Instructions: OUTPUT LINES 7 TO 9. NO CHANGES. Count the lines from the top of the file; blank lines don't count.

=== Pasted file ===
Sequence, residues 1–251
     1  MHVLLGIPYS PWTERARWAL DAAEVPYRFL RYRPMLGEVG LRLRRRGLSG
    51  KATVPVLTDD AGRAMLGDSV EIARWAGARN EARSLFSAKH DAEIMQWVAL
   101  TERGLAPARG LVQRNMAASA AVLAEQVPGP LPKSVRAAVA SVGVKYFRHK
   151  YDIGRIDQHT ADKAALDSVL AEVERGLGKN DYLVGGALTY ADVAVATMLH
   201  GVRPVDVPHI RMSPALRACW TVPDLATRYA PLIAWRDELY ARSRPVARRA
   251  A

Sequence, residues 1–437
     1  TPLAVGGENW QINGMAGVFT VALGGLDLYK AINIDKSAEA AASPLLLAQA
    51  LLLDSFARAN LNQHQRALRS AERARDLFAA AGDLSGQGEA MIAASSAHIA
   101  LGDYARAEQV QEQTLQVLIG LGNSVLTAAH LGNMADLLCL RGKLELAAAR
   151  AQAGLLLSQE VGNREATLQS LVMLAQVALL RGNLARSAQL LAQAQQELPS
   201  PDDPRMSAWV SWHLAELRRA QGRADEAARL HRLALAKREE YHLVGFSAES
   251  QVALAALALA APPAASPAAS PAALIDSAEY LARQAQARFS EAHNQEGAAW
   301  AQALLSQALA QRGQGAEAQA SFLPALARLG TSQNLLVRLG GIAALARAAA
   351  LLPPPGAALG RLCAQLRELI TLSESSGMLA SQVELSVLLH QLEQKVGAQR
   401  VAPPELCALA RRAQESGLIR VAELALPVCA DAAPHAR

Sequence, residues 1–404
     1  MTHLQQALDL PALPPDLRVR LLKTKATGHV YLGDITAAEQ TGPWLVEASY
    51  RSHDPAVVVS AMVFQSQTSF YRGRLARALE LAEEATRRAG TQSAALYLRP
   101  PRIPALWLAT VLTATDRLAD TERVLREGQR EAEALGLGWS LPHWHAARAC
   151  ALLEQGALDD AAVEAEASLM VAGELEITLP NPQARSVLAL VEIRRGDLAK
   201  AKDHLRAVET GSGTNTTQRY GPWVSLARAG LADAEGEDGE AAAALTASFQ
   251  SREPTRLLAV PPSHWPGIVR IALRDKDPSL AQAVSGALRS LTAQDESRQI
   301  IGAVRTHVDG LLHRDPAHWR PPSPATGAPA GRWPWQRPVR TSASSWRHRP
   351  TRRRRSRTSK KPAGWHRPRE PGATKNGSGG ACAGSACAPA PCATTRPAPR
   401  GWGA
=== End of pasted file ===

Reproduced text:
   251  A

Sequence, residues 1–437
     1  TPLAVGGENW QINGMAGVFT VALGGLDLYK AINIDKSAEA AASPLLLAQA